If you walked past the produce area at Midtown Foods Monday afternoon, you would have had the unusual option of speaking to a member of Congress as you picked up your veggies.
He calls it “Congress on Your Corner,” and U.S. Rep. Tim Walz, D-Minn., was holding court almost within arm’s reach of the apples, but, he said, that’s how it should be.
When legislators can get by with huge majorities in their district, they no longer need to “stand in the tomato aisle,” Walz said. The problem with gerrymandering Congressional districts, Walz said, is that it creates a lack of competition.
Walz, who is running for his sixth term, said that the Congress on Your Corner meetings were an opportunity for him to meet with people and get the general pulse of the district.
“People are frustrated,” Walz said. “People express their concerns.”
The meetings were started at grocery stores specifically in 2007, Walz said, because it’s a good place to get a number of people who aren’t expecting the opportunity to voice their opinions to someone.
The line got up to about eight people at its longest, but those who spoke to him talked at length on a number of issues.
Veterans came with their concerns about the Veterans Administration, seniors with concerns about Social Security, others were there to talk about the oil industry or how the two major political parties finance themselves.
Laurie Sell, who was there to speak to Walz about the oil industry among other things, said she wanted to express her opinion but the event itself seemed part of a standard procedure for election years.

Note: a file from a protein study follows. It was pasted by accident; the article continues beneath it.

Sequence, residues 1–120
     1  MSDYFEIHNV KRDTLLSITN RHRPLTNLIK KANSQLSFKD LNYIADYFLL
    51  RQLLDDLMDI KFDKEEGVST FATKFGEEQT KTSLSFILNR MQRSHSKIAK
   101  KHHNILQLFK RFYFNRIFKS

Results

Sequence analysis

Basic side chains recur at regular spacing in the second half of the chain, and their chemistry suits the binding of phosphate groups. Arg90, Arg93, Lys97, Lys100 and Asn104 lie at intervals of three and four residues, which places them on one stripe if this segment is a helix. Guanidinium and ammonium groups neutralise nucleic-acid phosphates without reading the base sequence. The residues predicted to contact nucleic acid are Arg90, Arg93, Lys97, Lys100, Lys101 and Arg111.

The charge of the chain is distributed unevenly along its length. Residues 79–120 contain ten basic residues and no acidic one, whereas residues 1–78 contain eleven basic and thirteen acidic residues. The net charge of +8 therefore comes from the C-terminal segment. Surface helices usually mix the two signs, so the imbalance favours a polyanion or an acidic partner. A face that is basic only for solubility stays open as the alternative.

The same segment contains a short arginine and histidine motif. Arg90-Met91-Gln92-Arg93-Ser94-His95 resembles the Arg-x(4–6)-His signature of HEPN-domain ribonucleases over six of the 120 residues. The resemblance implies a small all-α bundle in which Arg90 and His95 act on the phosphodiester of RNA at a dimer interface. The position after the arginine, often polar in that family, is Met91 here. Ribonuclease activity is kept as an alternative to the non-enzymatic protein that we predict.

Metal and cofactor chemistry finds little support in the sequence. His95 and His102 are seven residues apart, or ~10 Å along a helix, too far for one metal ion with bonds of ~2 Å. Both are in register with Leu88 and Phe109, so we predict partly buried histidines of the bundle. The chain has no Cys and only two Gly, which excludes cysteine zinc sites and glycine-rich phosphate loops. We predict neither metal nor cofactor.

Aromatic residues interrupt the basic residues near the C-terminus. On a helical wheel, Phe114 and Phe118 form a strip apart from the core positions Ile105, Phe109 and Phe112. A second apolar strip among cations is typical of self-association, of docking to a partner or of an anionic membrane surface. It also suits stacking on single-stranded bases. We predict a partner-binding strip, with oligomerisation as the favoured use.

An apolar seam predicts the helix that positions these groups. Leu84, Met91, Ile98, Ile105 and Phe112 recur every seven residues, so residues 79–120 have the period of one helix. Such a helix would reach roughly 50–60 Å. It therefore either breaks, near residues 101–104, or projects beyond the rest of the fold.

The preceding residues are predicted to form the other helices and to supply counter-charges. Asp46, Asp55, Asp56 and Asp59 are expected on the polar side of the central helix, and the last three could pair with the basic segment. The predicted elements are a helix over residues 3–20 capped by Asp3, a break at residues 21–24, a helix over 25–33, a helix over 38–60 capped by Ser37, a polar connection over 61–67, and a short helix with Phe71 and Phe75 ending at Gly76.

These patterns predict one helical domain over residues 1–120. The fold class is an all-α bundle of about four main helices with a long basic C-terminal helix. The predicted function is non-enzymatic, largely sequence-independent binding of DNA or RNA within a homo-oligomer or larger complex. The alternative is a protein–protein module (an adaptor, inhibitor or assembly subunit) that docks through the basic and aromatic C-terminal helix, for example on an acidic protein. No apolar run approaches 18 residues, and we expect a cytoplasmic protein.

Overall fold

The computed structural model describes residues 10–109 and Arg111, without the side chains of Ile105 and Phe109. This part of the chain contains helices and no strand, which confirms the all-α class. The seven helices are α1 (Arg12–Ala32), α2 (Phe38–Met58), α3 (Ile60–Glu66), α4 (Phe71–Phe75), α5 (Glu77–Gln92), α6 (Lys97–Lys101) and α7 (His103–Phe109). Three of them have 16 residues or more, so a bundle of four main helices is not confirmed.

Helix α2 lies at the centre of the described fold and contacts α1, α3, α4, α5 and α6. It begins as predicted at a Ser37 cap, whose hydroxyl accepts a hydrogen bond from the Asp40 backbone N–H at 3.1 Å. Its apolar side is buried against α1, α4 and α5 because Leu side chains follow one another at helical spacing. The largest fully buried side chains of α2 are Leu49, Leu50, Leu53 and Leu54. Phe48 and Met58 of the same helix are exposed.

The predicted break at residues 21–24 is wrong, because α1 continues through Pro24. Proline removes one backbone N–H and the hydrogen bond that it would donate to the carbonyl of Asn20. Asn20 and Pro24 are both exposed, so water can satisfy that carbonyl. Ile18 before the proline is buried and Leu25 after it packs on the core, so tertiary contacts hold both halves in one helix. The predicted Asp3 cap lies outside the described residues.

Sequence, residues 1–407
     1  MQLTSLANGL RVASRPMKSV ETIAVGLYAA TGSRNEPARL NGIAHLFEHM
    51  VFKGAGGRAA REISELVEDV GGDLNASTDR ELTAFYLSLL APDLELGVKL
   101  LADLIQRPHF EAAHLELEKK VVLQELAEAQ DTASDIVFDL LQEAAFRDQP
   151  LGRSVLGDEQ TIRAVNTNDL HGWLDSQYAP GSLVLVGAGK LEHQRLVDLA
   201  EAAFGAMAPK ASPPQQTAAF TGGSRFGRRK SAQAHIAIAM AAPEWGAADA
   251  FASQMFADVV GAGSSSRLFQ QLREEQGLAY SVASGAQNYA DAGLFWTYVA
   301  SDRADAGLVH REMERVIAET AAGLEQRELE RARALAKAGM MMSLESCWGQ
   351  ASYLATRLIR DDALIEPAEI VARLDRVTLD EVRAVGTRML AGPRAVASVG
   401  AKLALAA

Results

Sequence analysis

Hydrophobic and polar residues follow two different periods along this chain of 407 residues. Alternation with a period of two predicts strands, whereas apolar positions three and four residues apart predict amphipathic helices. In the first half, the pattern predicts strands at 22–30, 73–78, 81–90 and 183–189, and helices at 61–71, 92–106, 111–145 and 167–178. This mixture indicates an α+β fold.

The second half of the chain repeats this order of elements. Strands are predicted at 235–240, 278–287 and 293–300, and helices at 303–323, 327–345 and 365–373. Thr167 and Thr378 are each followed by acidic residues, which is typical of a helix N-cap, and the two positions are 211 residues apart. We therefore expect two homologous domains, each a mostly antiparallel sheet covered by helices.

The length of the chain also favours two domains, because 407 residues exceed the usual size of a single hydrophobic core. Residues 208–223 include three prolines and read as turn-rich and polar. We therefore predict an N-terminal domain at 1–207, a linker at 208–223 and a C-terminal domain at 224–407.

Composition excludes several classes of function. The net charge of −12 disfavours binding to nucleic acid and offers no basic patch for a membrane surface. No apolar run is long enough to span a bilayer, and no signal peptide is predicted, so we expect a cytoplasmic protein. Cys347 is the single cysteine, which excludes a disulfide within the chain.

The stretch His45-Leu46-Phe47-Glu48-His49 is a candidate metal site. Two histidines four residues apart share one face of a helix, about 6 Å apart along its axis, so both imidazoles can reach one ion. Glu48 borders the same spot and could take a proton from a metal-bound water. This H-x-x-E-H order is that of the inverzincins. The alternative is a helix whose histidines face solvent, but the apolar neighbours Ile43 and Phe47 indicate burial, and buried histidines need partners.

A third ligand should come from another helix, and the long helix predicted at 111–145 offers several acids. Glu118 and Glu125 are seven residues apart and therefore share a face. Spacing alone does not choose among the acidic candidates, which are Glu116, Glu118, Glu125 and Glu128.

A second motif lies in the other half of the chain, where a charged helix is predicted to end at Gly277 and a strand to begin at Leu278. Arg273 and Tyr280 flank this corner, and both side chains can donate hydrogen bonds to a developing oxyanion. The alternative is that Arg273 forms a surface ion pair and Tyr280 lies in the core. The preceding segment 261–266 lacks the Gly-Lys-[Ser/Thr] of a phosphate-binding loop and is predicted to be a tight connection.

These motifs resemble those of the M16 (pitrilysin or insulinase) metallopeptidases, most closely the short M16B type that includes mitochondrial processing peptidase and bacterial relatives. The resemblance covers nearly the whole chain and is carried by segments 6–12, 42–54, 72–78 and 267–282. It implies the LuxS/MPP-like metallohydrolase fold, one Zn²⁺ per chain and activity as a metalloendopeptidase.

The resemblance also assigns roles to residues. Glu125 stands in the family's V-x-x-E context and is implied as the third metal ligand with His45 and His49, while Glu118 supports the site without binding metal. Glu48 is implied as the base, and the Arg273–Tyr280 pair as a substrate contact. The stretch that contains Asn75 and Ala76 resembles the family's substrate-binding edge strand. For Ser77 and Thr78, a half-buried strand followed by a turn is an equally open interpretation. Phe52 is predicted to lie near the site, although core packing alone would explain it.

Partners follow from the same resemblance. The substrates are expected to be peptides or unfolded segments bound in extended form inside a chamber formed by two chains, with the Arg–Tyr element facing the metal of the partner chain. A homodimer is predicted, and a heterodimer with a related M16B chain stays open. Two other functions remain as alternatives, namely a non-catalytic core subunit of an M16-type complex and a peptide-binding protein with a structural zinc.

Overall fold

Sell said she had seen Walz in St. Charles at another grocery store in the past.
“This is typical,” Sell said. “The average person really has little impact on the government.”
Still, there were a several people waiting for most of the hour-and-a-half Walz was in the store.
Sara Severs, Walz’s deputy chief of staff, said the stop was Walz’s last before going back to Washington D.C. to resume work, but they would be scheduling more as soon as possible.
Severs said they haven’t had any topics that dominate what people wanted to talk about, and the questions and concerns range from very individual to very broad.
Severs said they are trying to get into as many grocery stores as possible throughout the year and be “where it’s accessible to folks.”
“I think we’re always trying to figure out how to maximize our time with things like this,” Severs said.
Walz is up for election in November, and running against previous opponent Jim Hagedorn for the 1st Congressional District seat.
In 2014 Walz won 54 percent of the vote to Hagedorn’s 46 percent, and raised significantly more funds in his campaign.